The woman stood in front of the gate with the bucket at her feet and her hands on her hips like she was expecting something. She was staring straight at the boys yet she did not seem to notice them. There was something else she was looking for. She must have found it because suddenly she snatched up her bucket and walked out into the front yard.

“What do you think she is doing?” asked Arnold.

Leo stopped dribbling and turned his attention to the old woman. Now she was standing in the neighbors lawn just looking off into space. She grunted at something, grabbed the bucket and marched right towards the boys.

Arnold gulped. He was in third grade but still, he was glad Leo was here. This was the type of strange that starts to get scary.

Bobo lifted his head up hopefully when the bucket clattered down in front of the Meyers' mailbox.

Alma noticed the dog.

“Don't even think about it,” she growled at him.

Bobo sighed and put his head down on his paws.

“Good dog,” Alma nodded at him. She knew dogs.

“Excuse me?” Leo was the older of the cousins and, having two big brothers, he was also the bolder. “What are you doing?”

Now Alma noticed the boys. She blew a half snort half sigh before answering. She was better with dogs than children.

“I'm lining bees,” she snapped.

A bee flew up to her bucket and hovered around the rim. When the bee flew off, Alma followed with her bucket.

“Why?” asked Arnold when she put the bucket down near the tree in his front yard.

“Never you mind.” Alma kept her eyes on the bee. If she didn't look at them, maybe the boys would go away.

“What does that mean?” challenged Leo. No one blew off his cousin.

“It means . . . Leave me alone and I'll be on my way.”

“No,” persisted Arnold. “What does lining bees mean?”

Alma gave the boys her best withering look. The little one looked away but the tall one held her gaze. That meant she had to answer him.

“It means,” she spat reluctantly, “that someone stole my bees.”

With that she made her halting way up the street.
My bees bearding on a hot day.

Thursday, January 10, 2013


Yes, the cat clinging to the window screen is a mea culpa for falling behind on the blog. It's been so long I feel the need to reintroduce myself.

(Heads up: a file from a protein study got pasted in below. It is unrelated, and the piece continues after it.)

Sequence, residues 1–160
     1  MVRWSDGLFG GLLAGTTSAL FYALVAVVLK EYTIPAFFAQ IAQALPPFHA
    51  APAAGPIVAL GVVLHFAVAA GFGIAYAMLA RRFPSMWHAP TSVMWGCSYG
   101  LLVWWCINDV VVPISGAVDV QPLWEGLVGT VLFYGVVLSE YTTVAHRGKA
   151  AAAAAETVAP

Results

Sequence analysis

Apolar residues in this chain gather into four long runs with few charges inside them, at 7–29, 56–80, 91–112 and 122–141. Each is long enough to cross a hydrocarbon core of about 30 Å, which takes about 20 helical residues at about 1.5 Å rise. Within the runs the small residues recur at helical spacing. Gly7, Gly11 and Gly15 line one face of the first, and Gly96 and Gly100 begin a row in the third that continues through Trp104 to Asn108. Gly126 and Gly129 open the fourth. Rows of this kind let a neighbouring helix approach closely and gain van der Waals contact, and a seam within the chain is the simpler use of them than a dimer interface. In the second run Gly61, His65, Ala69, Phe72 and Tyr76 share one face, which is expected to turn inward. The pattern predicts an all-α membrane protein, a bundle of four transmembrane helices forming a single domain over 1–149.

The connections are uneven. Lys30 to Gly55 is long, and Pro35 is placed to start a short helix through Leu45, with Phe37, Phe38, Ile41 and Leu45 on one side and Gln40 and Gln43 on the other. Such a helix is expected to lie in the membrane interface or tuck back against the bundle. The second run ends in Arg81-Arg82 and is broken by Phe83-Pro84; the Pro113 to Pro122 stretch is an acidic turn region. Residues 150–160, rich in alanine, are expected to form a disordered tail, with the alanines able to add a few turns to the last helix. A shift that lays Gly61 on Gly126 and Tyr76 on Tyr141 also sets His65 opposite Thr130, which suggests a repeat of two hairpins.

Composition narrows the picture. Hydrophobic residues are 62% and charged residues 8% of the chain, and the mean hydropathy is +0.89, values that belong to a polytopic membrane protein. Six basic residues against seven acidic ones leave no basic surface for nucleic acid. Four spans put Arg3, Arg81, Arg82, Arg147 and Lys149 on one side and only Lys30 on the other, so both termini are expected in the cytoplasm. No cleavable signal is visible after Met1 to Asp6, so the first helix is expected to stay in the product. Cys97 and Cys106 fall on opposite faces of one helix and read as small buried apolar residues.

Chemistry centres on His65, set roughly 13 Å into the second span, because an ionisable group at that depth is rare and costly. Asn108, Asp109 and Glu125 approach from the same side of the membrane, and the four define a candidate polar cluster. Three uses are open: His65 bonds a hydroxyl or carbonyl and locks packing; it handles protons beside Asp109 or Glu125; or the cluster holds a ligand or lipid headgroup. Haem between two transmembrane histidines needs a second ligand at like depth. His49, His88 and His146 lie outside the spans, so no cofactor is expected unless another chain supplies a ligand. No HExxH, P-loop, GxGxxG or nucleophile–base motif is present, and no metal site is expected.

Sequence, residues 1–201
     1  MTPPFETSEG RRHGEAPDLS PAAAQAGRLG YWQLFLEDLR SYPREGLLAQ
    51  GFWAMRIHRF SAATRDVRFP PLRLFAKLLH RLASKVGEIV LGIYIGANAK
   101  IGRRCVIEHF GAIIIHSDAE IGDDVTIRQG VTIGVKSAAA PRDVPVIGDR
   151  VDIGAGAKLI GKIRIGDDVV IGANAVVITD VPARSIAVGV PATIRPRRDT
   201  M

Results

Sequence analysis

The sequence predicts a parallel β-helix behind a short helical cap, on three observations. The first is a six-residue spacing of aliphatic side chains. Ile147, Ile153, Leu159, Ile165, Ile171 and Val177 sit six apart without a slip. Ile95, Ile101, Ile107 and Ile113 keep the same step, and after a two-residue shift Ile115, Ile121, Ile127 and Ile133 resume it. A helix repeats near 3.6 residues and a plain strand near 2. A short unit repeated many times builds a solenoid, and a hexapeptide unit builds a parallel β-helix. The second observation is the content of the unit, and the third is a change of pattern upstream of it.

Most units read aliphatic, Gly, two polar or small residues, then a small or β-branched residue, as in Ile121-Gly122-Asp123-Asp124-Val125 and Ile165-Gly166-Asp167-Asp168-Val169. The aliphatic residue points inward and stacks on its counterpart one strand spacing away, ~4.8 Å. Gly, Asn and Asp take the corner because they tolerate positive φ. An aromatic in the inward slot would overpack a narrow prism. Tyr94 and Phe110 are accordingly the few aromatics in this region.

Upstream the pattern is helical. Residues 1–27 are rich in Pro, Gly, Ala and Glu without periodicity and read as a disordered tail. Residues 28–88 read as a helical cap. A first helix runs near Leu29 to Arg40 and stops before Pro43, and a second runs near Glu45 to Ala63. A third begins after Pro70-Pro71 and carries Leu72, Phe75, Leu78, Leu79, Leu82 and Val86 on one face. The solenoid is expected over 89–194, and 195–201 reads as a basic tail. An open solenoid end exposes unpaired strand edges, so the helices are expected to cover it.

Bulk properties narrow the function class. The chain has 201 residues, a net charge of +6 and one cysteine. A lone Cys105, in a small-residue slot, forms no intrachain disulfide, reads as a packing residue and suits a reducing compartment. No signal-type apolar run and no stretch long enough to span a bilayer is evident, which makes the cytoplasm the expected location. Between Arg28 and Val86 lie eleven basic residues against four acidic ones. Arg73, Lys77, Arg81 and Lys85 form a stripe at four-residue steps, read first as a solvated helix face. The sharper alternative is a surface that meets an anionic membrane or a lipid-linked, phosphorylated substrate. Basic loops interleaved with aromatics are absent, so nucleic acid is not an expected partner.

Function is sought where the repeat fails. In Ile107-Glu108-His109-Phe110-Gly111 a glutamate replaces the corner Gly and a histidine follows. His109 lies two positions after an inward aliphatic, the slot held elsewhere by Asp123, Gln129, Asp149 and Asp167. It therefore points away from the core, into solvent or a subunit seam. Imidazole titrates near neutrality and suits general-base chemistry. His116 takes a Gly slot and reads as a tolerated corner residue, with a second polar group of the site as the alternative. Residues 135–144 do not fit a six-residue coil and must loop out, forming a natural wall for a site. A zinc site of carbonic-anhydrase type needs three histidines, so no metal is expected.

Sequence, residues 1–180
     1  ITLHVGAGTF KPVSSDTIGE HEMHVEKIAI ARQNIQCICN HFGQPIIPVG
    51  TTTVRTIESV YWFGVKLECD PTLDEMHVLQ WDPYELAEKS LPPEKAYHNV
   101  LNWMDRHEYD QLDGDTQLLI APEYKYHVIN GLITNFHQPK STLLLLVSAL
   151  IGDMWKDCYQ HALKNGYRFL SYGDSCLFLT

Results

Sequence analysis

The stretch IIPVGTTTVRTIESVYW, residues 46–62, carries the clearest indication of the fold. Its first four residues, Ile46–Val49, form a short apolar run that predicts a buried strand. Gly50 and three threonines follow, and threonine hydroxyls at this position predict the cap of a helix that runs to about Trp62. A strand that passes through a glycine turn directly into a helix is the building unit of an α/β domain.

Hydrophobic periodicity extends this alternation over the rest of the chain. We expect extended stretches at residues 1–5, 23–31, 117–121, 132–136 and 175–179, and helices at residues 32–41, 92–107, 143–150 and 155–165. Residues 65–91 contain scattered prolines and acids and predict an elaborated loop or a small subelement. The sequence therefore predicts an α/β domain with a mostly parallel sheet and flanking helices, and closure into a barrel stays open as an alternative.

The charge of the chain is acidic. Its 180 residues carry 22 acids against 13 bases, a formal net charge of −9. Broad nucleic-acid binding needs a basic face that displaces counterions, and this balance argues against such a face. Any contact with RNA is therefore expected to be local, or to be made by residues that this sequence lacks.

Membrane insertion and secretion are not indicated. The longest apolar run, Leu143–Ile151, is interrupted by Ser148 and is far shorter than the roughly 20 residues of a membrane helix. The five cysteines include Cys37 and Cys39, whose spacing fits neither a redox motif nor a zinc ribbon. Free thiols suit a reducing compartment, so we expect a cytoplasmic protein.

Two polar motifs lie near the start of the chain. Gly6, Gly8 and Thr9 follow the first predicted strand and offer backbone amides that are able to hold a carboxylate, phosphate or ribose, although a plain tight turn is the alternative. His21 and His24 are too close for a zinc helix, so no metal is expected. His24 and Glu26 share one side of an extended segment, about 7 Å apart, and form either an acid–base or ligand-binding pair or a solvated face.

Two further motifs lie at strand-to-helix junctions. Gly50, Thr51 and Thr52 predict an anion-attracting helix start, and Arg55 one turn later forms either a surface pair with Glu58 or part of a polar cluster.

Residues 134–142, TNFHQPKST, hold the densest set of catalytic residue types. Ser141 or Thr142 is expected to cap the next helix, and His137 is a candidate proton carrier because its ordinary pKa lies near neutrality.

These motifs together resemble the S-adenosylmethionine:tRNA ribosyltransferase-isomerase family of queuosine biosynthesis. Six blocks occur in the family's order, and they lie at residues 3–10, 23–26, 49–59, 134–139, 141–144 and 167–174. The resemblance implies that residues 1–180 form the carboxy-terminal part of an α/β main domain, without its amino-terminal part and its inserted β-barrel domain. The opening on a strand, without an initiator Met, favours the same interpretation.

Welcome to the Garden of Good Intentions.  

I live with a husband, a son, a daughter, a beagle brained German shepherd mutt, three cats, one lonely fish in a large tank, seven turtles and two preying mantis oothecas soon to hatch.

I used to work in the cataloging department of a university library, covet dishes and sell fun kitchen gadgets at a Mom and Pop William's and Sonoma type store and teach Composition and Humanities courses at the University of Central Florida.

Now, when I'm not herding cats and parenting two kids 8 and 10, I write for elementary aged kids.  

At the moment, I have three main works in progress.  

Titus and Annie is a chapter book about two precocious only children, 3rd grade and Kindergarden. They are a lot of fun and if you scroll through some of the older blog entries you can see pictures of the characters drawn by my talented sister Catherine Gurri.

I'm almost done with the latest revisions so look forward to muttered and veiled comments about being in the throes of the query process.

The Stolen Swarm is another chapter book featuring Leo and Arnold, 3rd and 4th grade detectives who run around solving mysteries in their vinyl village.

This project stalled out for a while until I heard some great advice at SCBWI Carolinas. If you're not sure about the point of view in a project, try switching it. I put the first two chapters into first person and the text started to sing. Awkward moments melted and the pace quickened. Can't wait to roll up my sleeves and finish the first draft.

My latest WIP is a picture book, The Papalote Magico, I am ghost writing for Rosalia Torres Weiner, a wonderful muralist and co founder of Project Art Aid. She has more irons in the fire than I do. The book is to be a companion to her Papalote Project workshops that bring art therapy and understanding to children who have suffered a loss due to deportation.  Learn more at

I finished the first draft of Papalote Magico yesterday. Tomorrow I meet with Rosalia to story board the illustrations and liposuction 1000 or so words out of the text.

Rosalia and I met at Mama's Coffee House. Eli said I needed to meet Rosalia because we should write a book together. Boy was she right. Always listen to Mama.

Queen City Soup voting tokens. 
Through Rosalia, I joined Project Art Aid, a non profit organization dedicated to community service through the arts. According to the PAA website, I am their Director of Communications and one of the organizers for PAA's microgrant program, Queen City Soup. However, I prefer "Word Nerd" or "Props Department."

This is me, at the moment. Who knows what 2013 will bring.

One of my New Years Resolutions is to formalize my blog a bit more. For now this means I'm going to sign off each time with a list of the books on my night stand. Feel free to chime in with what your reading.

From the Nightstand:
Wolf Hall by Hilary Mantel
Garment of Shadows by Laurie R. King
There's A Boy In The Girls Bathroom by Louis Sachar
Salamandastron by Brian Jacques
Maniac Magee by Jerry Spinelli
Marty Maguire Digs Worms! by Kate Messner  

Wednesday, January 2, 2013

Happy New Year

It was a great Winter Break but gosh I'm glad the kids are back in school today.  Time to make coffee and get to work.